Call us 0113 2709637 or click to email
Latest News

West Berks Mencap & PDM Training Zumba together at fundraiser

Click here to learn more >

24+ Advanced Learning Loans

Click here to learn more >

PDM Newsletter

Training Needs Analysis

A Training Needs Analysis is undertaken to identify the most effective and cost efficient training solution occurring from new, or changes in, equipment, organisation, procedures or legislation. It is a rigorous analysis, providing auditable documentation for stakeholder agreement.

The main TNA activity should always be preceded by a Scoping Study, which may only be a short piece of work. It will define the scope of the following work, define the requirement and environment, and provide an outline plan and resources required. The main TNA work can proceed on a firm and agreed foundation.

A TNA has four distinct stages:

  • The first stage focuses on identifying and describing all the tasks which must be undertaken by individuals and groups to achieve the aims of the project, this is called an Operational Task Analysis (OTA).
  • Next, a study is undertaken to identify the additional learning requirements, in terms of knowledge, skills and attitudes (KSA), required by staff for their future job as identified during the OTA, over that currently required. From this analysis, training objectives are developed, and these describe the training requirement. This stage is often referred to as a Training Gap Analysis (TGA).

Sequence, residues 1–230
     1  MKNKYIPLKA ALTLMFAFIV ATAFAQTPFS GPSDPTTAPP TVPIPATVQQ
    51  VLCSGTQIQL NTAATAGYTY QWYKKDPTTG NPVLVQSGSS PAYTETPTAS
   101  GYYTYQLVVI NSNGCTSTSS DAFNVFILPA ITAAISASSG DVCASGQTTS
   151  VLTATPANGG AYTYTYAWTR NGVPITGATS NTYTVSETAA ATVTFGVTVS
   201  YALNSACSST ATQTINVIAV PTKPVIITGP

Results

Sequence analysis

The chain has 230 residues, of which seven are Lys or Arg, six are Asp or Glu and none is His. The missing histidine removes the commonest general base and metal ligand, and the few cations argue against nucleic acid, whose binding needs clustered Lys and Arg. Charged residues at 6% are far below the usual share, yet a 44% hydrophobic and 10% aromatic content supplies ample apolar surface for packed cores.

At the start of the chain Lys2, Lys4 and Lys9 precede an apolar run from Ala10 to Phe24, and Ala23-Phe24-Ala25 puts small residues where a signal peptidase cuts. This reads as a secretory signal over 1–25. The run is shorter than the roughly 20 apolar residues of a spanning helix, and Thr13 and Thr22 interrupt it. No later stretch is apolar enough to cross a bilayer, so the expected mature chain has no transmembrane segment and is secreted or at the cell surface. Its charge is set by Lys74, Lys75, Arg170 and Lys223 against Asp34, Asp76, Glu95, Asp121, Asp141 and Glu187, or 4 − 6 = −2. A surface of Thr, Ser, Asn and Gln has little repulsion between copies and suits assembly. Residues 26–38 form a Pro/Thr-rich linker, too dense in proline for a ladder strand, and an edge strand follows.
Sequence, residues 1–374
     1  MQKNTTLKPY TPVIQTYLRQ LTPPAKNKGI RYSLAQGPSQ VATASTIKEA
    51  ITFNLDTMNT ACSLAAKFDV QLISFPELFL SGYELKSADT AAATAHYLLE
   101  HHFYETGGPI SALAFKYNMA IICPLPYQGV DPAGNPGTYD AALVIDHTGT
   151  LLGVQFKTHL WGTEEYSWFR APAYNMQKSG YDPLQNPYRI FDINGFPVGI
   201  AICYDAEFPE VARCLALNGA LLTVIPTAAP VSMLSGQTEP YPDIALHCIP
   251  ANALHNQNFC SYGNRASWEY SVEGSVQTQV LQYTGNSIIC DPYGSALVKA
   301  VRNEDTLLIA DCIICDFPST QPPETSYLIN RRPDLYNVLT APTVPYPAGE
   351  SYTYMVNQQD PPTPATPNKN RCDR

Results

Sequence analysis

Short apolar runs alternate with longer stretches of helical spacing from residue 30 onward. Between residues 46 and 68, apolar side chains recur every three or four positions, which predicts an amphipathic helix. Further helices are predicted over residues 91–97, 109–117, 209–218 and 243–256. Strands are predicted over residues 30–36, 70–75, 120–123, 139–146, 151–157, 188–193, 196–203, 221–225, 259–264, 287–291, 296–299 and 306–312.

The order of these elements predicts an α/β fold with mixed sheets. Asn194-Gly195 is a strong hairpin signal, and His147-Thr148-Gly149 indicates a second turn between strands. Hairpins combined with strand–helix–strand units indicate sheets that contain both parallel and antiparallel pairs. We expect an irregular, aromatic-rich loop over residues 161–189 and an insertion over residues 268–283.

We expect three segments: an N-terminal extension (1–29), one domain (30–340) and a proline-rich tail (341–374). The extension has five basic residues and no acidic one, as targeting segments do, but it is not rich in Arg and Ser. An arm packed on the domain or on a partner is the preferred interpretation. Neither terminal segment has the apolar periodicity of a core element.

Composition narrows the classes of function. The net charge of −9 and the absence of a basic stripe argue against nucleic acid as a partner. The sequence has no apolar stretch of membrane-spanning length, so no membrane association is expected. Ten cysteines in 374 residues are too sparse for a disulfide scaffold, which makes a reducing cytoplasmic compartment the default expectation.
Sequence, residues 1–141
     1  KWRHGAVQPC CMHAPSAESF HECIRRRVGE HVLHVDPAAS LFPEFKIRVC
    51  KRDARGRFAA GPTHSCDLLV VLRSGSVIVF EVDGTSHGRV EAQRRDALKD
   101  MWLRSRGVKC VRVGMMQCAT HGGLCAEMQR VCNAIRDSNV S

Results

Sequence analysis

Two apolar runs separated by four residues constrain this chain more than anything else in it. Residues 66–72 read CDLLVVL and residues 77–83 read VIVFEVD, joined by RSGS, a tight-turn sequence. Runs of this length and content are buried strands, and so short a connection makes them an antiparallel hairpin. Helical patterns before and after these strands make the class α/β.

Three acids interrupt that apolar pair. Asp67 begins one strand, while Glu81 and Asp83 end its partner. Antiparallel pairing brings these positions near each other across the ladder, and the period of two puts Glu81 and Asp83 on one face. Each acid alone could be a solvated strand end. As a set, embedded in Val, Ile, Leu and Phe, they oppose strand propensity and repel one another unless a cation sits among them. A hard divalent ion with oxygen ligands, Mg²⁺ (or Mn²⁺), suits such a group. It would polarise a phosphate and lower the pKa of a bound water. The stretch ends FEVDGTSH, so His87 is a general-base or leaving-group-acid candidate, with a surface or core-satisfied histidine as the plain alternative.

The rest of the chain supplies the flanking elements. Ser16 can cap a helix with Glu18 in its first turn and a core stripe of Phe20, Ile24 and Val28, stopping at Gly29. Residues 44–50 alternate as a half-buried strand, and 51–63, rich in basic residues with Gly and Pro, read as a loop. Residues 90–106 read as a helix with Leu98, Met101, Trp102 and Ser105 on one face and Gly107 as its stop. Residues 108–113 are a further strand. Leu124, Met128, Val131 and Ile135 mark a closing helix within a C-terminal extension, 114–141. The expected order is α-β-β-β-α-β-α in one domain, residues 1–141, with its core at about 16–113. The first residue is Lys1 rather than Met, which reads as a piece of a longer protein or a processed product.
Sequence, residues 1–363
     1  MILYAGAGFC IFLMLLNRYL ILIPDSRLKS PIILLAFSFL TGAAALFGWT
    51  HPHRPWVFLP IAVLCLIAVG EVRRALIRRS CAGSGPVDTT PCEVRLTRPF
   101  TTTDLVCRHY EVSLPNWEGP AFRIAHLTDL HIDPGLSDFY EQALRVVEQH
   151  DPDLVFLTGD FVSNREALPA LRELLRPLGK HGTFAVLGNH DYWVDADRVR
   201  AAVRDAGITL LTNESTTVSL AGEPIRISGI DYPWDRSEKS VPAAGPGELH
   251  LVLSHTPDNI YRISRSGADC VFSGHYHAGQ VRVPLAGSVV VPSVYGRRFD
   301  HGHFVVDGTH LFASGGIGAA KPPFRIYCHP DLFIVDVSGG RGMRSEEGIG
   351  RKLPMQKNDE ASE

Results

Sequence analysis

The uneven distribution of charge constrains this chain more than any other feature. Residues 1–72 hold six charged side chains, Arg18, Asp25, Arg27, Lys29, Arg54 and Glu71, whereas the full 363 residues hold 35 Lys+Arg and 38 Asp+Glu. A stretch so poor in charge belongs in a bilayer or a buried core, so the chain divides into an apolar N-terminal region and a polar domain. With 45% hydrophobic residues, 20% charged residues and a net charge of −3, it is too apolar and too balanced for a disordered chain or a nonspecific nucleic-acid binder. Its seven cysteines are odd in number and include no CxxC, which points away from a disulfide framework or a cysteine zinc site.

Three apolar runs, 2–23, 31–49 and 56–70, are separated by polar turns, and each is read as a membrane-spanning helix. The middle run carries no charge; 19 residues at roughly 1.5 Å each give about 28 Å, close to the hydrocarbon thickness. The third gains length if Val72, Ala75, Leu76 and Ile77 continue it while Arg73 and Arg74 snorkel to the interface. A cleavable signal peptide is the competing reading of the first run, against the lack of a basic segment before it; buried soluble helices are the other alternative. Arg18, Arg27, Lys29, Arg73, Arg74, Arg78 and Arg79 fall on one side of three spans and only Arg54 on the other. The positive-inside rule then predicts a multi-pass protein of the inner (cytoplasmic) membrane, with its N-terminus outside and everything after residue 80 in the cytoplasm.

• Once the differences are identified, options for “closing” the identified gaps can be considered. Consideration is given to appropriate delivery methods and media, training effectiveness, risks and opportunities, and cost-benefit. A recommended solution can be accurately priced. This phase is called the Training Options Analysis (TOA).
  • Finally, all the information and the agreed solution are gathered together in a Final Report, which can be disseminated to interested parties to inform them of how a particular course of action was arrived at.

Benefits, value for money, increased productivity and enhanced efficiency.

  • Cost benefit analysis of the training options are much more accurate. Over or under training is avoided, increasing efficiency and reducing cost.
  • Auditable decision making process provides managers with greater confidence in the training solution, which enhances “buy-in”.
  • The process of analysing group and individual tasks reduces the likelihood of critical tasks being omitted, which might result in lost productivity.

Benefits of using PDM

  • Analysing operational tasks and measuring the gap in knowledge, skills and attitude is PDM’s core business.
  • Breadth and depth of knowledge of current and emerging training practices, experience in scenario planning and process mapping to support the implementation of change.
  • Access to Subject Matter Experts (SME) on Computer Based Training (CBT), e-learning and simulation, who can provide essential input to the cost benefit analysis regarding the effectiveness of different training methods and media.
  • A dedicated, independent resource, who is experienced in conducting and managing TNA projects, which is key to maintaining momentum within the project.